The last time I looked at a headache classification document there were 100+ different types of headache, so we need to be specific here, cervicogenic headaches are those which develop from the neck, more specifically those arising from joints and muscles of the neck and shoulders. The head pain is precipitated by neck movement, sustained awkward head positioning, or external pressure over the upper cervical or occipital region on the symptomatic side [Cephalgia, 2004, Sjaastad et al 1998). Like most other complaints diagnosis is made primarily through case history and examination, however here we also want to see a negative neurological examination, especially the cranial nerves.
A Cochrane review (Bronfort et al, 2004) using a pre-specified, detailed protocol for synthesizing the evidence from the quality, quantity, and results of RCTs concluded that spinal manipulation is an effective option for management of cervicogenic headache, along with specific neck exercises. A more recent review of the evidence (Clar et al, 2014) suggested that there was no additional quality evidence for the management of cervicogenic headache and therefore spinal manipulation remains a positive intervention for care.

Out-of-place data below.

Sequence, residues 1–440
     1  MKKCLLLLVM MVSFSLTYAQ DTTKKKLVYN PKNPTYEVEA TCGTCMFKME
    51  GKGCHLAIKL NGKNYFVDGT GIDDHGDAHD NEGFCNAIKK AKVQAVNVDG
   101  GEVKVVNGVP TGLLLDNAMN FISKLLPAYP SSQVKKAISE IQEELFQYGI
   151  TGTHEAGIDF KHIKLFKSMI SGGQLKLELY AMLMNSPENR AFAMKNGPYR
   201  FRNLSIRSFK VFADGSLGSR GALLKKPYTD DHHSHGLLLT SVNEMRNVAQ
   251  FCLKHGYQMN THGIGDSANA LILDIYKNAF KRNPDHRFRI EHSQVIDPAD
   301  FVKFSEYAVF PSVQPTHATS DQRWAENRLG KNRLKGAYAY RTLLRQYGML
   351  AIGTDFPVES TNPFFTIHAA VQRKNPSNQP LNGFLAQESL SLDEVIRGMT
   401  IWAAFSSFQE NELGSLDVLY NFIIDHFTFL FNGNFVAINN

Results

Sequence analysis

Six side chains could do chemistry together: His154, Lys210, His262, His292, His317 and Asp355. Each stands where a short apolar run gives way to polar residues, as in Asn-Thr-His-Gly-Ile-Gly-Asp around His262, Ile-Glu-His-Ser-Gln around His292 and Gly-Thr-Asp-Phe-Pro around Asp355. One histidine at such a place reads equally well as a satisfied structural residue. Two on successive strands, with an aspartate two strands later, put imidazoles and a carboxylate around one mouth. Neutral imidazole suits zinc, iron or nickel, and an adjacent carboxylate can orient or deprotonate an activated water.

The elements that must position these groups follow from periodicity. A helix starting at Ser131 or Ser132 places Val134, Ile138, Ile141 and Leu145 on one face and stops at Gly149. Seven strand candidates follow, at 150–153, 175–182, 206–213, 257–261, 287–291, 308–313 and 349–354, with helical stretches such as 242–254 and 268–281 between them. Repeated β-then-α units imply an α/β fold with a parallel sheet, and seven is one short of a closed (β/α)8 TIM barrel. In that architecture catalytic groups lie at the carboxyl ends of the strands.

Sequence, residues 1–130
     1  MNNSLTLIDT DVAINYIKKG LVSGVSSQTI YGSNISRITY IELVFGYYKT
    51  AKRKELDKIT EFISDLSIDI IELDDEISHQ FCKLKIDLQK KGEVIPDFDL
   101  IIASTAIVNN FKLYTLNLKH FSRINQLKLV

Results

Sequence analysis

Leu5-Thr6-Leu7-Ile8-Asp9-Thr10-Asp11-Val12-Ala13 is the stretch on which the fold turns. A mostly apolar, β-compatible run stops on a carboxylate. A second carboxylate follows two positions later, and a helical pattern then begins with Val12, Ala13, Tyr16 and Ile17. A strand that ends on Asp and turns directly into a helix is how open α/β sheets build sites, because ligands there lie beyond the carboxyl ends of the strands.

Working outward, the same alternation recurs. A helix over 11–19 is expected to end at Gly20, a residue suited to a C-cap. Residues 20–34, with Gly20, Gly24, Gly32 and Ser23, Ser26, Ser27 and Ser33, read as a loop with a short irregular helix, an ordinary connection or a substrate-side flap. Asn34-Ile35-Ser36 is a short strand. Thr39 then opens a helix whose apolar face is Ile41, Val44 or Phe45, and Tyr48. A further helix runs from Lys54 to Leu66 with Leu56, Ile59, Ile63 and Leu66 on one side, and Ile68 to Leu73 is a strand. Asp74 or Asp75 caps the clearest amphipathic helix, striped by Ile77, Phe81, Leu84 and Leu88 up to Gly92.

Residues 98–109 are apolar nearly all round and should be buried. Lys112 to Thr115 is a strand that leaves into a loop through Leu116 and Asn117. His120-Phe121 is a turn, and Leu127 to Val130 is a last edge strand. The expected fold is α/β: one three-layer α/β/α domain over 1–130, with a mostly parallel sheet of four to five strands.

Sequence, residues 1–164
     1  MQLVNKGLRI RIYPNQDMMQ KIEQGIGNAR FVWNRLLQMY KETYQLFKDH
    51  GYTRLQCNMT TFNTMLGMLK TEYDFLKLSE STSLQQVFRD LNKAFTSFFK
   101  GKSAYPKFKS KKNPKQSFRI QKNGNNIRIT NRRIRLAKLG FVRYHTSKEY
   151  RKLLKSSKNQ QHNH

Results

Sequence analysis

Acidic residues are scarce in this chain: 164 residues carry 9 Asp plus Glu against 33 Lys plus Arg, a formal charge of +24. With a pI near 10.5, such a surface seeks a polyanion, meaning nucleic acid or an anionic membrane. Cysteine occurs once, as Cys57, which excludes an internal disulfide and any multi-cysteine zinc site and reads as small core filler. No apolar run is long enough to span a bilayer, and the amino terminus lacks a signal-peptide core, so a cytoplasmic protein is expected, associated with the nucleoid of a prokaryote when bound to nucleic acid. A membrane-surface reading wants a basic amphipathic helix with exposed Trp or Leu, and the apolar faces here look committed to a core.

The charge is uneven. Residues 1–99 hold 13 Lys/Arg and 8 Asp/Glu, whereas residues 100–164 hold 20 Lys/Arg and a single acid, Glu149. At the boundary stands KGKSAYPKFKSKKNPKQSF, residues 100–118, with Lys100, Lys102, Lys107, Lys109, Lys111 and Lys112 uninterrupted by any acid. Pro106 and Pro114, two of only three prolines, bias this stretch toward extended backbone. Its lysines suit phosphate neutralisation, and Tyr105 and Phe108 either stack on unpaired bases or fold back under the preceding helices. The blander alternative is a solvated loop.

The International Classification of Headache Disorders. Cephalalgia , 2 2004, 24(Suppl 1):9-160.
Sjaastad O, Fredriksen TA, Pfaffenrath V: Cervicogenic headache: diagnostic criteria. Headache 1998, 38:442-445.
Bronfort G, Nilsson N, Haas M, Evans R, Goldsmith CH, Assendelft WJ, et al: Non-invasive physical treatments for chronic/recurrent headache. Cochrane Database Syst Rev 2004, CD001878.
Clar, Tsertsvadze, Court, Hundt, Clarke and Sutcliffe. Clinical effectiveness of manual therapy for the management of musculoskeletal and non-musculoskeletal conditions: systematic review and update of UK evidence report: Chiropractic & Manual Therapies 2014, 22:12